“I didn’t really know who I wanted to work with [on Reason],” she explains. “So the only way to do it was just by checking out different options and then choosing. It’s something I would never do again. I felt really bad a lot of those times, I was not always as persistent, or really fighting for what I wanted [sonically]. I was too insecure and too homesick to be really strong. Also, working with different people in different countries, it’s a really hard job to bring it all together on a record. [Reason] took months to have a red line through it.”


But even though the completed album is the sonic equivalent of a series of stamps on a passport, Sue maintains that her lyrics are the record’s through-line: “The words are very much the same, [in that they’re about] learning to accept who you are and battle with yourself … finding balance and searching and sadness and sometimes happiness. It’s just the way I am, so I’m going to write about it for the rest of my life.”

Sue’s complex relationship with herself is also reflected in the music video for “Alone,” Reason’s opening track. An upbeat shimmy of a pop song, which belies the song’s dark ruminations, the visuals feature Selah Sue standing before a mirror, dressed in black, her auburn hair piled high—here she serenades herself. It soon becomes clear she’s in a hall of mirrors and by the time the song reaches the last chorus, her many reflections become infinite, bewildering, flickering, shards of self. Elsewhere, “Falling Out,” is a skittering, dubby electronic track that slows down for a sorrowful, searing refrain: “I’m falling out / Of love with myself / I’ve let you down / In the way that it hurts.”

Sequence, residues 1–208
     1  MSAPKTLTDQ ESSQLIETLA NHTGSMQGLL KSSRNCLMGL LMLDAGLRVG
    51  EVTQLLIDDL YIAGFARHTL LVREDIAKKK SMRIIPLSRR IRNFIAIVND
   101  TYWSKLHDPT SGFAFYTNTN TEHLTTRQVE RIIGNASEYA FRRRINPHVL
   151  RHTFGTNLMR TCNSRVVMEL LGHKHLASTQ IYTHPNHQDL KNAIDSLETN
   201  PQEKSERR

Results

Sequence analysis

“It’s really honest,” she says simply. “I really love the lyric, [they talk about how] depression is really genetic.” (The line she’s referring to, here, is this one: “These genes of despair pull me deeper than I’ve ever known.”) But for all this navel-gazing, Reason is not without bright spots, the most appealing of which is “Together,” a hip-hop-infused love song that features Childish Gambino. The collaboration came together swiftly and organically, when Sue was recording in LA, thanks to her producer’s fortuitous connect with Donald Glover. “I thought “Together” needed a cool rap, and I thought Childish is really incredible, so we called him that day! He loved the song and he came over and it was done in a few hours. Really good and spontaneous, and we both felt it. That’s the way I like it. Quick and effective.”


This summer, Selah Sue will spend her time touring Europe, but she’s looking forward to returning to the States eventually. “I think European people are a bit more reserved [at shows],” she says. “It’s not a bad thing, always. It’s different in every country! In Poland, they go really crazy. In Belgium, they are really silent. In the UK, they’re checking you out like, ‘Hmmm.’ But in the States, they’re all like, ‘Yes, you’re so great! Party! Yes!’ It’s insane.”

There is one thing that still unnerves her about playing here: the fact that English is not her first language. Flemish is her native tongue; she simply writes songs in English because of the way the words sound.

She explains: “I’m worried [crowds at shows] are going to notice [if I get something wrong]! If anybody would speak my language and sing it, and it’s very wrong grammatically, I would be like, ‘What the fuck!’ So I’m always really self-conscious when I play in the States. But also, [in America], you have such a big range of incredible artists. It’s the dream of all European artists is to be in the States.”

You'd certainly forgive Sue any transatlantic fuck ups: she's disarmingly sweet, and utterly sincere. Shes also determined: “I think [with my next record], I’m going to be totally focused and by myself and feeling a lot: my best work is yet to come.

Reason is out now via Because Music.

Noisey dedicated an entire week to mental health in the music industry. To read all about it click here.